This is where being able to tell a compelling story will help you get the attention of not just executives but your management, stakeholders from other departments and those on your team. There are a few things that will help you during this process. First you need to have just enough confidence and passion that it isn’t perceived as arrogance. It’s a fine balance but your confidence and passion for what you believe will contribute to the interest in your story.

In addition to this taking our objectives and building a roadmap strategy will help paint the vision of where you want to go. Executives have limited time and may not see the light at the end of the tunnel so you should present this right up front right after your state your objectives and within the first five to seven minutes of your presentation.

Think of it as painting a picture. I have always loved Monet paintings but if you stand too close all you see are millions of little dots. Help your executives stand back so they can see the full picture and keep your team up front to worry about painting the little dots. As a leader you will need to be able to do both. You need to convey to the executives that you are the person that can stand back and see the whole picture while being able to direct your team to ensure the tactical and strategy come together..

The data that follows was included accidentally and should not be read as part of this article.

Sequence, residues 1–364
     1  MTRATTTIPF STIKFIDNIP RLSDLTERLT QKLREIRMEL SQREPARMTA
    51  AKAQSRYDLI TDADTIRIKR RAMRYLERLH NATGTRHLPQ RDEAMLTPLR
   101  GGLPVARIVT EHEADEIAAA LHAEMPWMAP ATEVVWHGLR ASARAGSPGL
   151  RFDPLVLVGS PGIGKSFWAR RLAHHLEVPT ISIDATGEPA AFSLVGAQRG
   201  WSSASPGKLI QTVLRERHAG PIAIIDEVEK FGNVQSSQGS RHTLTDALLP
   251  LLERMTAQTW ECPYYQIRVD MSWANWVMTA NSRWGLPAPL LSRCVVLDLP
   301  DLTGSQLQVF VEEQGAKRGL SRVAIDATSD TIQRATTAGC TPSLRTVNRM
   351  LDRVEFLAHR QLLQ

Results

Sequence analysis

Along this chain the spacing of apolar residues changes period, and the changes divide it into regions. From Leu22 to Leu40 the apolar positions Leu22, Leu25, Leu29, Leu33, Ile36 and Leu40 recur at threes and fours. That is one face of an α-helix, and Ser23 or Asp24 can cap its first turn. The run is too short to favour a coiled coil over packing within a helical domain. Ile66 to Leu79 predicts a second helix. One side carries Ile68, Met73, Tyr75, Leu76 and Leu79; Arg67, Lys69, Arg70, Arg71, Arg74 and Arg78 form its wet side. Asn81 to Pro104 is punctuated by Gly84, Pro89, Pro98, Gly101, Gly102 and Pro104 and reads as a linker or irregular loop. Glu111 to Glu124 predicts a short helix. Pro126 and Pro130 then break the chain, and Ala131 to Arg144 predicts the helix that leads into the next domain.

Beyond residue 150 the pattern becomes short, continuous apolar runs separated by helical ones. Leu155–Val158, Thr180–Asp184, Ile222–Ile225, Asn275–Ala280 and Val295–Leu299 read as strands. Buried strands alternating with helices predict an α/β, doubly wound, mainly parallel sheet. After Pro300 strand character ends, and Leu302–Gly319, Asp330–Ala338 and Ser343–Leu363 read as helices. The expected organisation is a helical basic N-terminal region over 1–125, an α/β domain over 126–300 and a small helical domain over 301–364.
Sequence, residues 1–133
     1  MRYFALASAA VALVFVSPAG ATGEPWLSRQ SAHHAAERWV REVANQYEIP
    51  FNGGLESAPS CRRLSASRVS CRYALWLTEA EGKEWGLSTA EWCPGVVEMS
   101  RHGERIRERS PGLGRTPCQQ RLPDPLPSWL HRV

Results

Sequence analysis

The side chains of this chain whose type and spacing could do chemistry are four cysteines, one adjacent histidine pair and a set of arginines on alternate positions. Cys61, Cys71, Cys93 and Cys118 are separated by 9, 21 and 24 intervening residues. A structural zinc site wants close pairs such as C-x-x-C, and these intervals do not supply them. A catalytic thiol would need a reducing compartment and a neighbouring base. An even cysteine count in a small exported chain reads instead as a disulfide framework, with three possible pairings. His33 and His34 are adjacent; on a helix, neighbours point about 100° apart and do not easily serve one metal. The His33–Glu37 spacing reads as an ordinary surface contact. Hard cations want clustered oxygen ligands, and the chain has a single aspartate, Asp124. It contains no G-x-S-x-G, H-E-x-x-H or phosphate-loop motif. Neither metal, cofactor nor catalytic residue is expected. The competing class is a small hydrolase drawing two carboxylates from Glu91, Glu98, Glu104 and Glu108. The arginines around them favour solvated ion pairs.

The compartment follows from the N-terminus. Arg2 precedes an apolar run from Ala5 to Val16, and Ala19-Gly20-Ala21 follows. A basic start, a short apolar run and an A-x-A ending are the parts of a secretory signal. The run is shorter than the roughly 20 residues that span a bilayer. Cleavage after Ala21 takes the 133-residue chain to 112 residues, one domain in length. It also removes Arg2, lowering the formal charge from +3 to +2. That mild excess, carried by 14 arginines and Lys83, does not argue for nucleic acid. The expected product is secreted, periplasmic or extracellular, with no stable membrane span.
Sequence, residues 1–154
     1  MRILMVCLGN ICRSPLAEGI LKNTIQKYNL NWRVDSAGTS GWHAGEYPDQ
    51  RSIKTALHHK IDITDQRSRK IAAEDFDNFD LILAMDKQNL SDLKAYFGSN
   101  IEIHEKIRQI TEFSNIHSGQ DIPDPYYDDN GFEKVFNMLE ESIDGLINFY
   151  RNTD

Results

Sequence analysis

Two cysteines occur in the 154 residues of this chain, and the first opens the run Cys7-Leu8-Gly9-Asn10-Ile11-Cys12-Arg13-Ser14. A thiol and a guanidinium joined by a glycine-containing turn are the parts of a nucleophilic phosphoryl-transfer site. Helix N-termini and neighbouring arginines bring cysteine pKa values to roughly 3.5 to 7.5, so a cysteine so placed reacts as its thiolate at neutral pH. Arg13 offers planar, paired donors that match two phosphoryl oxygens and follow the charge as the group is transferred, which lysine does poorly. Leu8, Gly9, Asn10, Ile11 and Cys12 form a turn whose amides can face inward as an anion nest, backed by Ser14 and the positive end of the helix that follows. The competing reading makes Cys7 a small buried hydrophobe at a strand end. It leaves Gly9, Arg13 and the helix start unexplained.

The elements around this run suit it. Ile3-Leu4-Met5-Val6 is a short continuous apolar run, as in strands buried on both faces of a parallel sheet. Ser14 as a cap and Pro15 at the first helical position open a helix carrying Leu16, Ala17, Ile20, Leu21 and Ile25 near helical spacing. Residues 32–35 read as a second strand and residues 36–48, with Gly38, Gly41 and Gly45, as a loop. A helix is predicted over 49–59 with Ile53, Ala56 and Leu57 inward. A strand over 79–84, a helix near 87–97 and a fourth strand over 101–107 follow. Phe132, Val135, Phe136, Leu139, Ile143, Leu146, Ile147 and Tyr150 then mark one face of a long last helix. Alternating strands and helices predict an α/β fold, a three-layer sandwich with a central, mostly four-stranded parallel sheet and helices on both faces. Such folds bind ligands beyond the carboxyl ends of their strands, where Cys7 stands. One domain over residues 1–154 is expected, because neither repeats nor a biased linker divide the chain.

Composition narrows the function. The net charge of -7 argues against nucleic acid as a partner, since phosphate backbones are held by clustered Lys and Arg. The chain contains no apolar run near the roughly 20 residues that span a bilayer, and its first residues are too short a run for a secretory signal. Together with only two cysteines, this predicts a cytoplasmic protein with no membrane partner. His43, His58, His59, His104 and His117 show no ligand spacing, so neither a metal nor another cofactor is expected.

3 Objectives for Collaboration Marketing

Before you start anything, priority #1 has to be clearly defining your objectives. This will help you and your teams accomplish several things. First, everyone should be able to clearly communicate and agree upon the objectives set. This will help prevent conflicting priorities as well as help you engage your stakeholders as you will need them to help drive success. Second, keeping the objectives simple but achievable will allow you to execute and make progress. It is that progress that will help you with the third item and that is securing executive support. All three will be important as you start transforming the way you communicate and collaborate with your customers and employees.